JQY is devoted to the health and well being of LGBTQ Jewish Youth at risk. Our membership reflects the full spectrum of Jewish feelings about Israel. As our focus is the emotional and physical welfare of all LGBTQ young people in the Jewish community, it is important that no one feel excluded from care because of their political or denominational stance. While we do not take political positions on issues such as Israel and foreign policy, we are committed to the full inclusion of LGBTQ Jews in every aspect of Jewish life. We are proud that we were the organization responsible for finally allowing LGBTQ groups to march openly at the New York Celebrate Israel Day Parade.
This past Shabbos the leaders of JQY were invited to the National LGBTQ Task Force's Creating Change Conference in Chicago. We were tasked with representing the Jewish Movement Working Group at the conference, and helped organize the multiple Jewish themed sessions and Friday Night Shabbos Service. We have been working in partnership with the Task Force for the last five years. Included in our offerings this year were a 3 hour Queer Muslim Jewish Dialogue, a Jewish LGBTQ organizational strategy session, and a Queer Jewish Caucus that focused on engaging young Queer Jews on what it means to have both Jewish and LGBTQ identities. These Jewish sessions, including the Friday prayers, were all well attended, peaceful, successful, and went on with absolutely no protest.
Due to our close involvement with the Task Force and our position of leadership facilitating many of these conversations, we feel that we are in a unique position to provide background and clarity with respect to what occurred at the conference and our response:
- The anti-Israel protest that took place was not against the Shabbos Service; it happened on a different floor, at a different time and was directed at a reception which was a separate event.
- The leadership of JQY proudly attended the A Wider Bridge reception, but also appreciate the rights and feelings of LGBTQ Jewish teens who, based on their own consciences, chose to peacefully protest the event.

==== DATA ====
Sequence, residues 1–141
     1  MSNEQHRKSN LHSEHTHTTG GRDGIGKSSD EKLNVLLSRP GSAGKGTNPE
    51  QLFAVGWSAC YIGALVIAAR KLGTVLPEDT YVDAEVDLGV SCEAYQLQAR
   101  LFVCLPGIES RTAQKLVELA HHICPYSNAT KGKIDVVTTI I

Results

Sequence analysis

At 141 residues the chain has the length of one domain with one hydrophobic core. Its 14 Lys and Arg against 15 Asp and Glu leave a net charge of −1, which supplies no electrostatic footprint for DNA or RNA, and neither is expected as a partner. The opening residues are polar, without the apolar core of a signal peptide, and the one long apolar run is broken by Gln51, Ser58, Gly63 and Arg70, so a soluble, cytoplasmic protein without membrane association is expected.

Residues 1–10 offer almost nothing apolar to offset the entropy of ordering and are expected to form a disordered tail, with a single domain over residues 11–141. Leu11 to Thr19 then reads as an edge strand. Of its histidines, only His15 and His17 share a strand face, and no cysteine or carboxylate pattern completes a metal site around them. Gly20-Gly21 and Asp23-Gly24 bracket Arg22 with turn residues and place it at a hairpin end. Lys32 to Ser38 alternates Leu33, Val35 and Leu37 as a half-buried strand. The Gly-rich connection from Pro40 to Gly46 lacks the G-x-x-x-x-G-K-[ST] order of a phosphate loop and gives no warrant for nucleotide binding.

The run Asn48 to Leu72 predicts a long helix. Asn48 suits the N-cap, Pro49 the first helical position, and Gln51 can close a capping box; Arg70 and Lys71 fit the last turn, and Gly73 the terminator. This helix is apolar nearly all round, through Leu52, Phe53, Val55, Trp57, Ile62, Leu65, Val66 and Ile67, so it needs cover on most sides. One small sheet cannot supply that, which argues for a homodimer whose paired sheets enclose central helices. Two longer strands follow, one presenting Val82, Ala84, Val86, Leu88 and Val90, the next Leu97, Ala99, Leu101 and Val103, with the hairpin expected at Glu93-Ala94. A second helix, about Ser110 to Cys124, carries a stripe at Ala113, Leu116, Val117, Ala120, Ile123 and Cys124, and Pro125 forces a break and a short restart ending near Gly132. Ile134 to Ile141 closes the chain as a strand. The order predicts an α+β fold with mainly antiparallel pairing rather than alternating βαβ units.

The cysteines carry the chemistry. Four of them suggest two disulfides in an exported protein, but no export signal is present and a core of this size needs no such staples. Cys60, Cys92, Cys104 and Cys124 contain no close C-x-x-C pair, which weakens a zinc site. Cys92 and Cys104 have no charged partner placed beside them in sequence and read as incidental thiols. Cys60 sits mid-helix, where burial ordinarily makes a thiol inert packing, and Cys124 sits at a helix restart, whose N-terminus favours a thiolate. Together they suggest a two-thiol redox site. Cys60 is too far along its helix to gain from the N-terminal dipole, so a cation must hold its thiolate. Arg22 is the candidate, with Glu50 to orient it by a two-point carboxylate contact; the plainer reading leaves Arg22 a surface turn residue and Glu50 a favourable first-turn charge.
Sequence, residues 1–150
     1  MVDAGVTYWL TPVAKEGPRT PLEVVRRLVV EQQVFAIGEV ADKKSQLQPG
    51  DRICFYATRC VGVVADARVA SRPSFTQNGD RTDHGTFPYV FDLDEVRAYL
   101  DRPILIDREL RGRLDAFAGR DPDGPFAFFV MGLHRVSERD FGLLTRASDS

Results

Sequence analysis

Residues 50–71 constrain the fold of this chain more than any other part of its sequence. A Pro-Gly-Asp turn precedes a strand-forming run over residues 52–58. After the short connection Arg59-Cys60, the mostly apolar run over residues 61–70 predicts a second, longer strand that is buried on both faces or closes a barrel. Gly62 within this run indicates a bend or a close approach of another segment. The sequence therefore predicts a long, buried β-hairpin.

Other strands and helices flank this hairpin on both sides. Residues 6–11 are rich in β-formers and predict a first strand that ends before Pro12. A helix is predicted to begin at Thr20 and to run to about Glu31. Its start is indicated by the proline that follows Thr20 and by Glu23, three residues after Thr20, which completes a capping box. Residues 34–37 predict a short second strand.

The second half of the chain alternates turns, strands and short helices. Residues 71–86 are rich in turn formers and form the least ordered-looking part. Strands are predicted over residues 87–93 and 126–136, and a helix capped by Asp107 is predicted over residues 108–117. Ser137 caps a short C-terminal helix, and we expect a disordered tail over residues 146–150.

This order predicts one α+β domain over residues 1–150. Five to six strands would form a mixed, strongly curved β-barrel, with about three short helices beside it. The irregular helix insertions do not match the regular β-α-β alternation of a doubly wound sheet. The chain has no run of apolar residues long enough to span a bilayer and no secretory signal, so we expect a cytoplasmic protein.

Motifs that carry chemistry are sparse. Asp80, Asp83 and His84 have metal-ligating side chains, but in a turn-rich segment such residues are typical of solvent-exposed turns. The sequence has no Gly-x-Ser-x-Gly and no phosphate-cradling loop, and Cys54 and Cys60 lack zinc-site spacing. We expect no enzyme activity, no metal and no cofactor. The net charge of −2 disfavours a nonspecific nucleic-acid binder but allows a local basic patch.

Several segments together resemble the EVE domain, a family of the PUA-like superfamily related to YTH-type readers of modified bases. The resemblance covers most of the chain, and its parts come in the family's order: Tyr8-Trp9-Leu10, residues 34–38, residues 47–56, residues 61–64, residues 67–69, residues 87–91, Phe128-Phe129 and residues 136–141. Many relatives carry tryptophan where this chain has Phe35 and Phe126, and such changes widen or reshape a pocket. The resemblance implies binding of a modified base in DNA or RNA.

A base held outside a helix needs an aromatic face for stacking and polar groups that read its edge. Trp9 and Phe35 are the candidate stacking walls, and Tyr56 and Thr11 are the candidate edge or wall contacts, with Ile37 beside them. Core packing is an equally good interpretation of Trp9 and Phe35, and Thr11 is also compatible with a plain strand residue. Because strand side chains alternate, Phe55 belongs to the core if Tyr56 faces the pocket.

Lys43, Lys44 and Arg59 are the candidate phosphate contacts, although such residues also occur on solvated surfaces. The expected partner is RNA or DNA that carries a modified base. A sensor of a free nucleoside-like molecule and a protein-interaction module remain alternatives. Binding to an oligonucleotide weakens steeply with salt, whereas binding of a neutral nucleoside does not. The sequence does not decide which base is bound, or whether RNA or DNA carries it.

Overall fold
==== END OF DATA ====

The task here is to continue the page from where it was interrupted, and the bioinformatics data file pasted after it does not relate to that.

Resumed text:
- There were 4 protesters that entered the reception room. 3 of the young women occupied the stage. They were outnumbered by almost 100 reception attendees, most of who were not conference participants. The protesters inside were vocal but not physical, and at one point they tried to leave the room but were prevented by hotel security.
- Antisemitism, silencing points of view, physical intimidation, denying Jews the right to live in Israel, and calls to violence are inexcusable and JQY does not tolerate this in our space or any other.
- We are disappointed in the LGBTQ Task Force for neither supplying the reception attendees, nor the protesters, designated spaces in the corridor so that people could both safely access the event and feel heard without risking arrest.
- JQY stands with the Jerusalem Open House, and at no point were we pressured by the Conference to silence, boycott, or remove Jerusalem Open House speakers from our Jewish sessions. On the contrary, even when the A Wider Bridge party was temporarily canceled, Task Force leaders encouraged us to include the Jerusalem Open House speakers at our Jewish conference sessions.
- While we believe that the Task Force leadership may have made mistakes, we wholly reject any accusation of antisemitism against their Executive Director Rea Carey, Conference Director Sue Hyde, or any National LGBTQ Task Force staff. Our experience working with the Task Force has made us confident that the intentions of their leadership have always been fueled by good will and integrity.
- JQY is committed to a longer and more thought-out engagement on these issues with the National LGBTQ Task Force. We call on the Task Force to invest the appropriate time, resources and effort to give this serious (and often triggering) issue the respect it deserves.
We leave the conference inspired by the wisdom, energy and brilliance expressed by the Jewish LGBTQ teens at the Conference's Jewish Queer Caucus. They reminded us that just like one can only learn about someone's gender identity and sexual orientation by listening to how that person self identifies, we can not make assumptions about what loving or criticizing Israel means to someone until we allow them to express the full complexities of this relationship. Being LGBTQ and Jewish can inform the way we think about Israel in that we should not feel that we have to choose a box, binary, or label. Caring and compassion are not a zero sum game. We are infinitely dedicated to the safety, well being, dignity, self determination, celebration, and liberation of all people. These are the Jewish values that guides our mission to provide the support, crisis work and advocacy for LGBTQ young people at risk in the Jewish community.
Join us for the upcoming JQY community discussion about this topic featuring conference attendees and leaders. Details will be posted on JQYouth.org and our JQY Facebook Page.
The JQY Team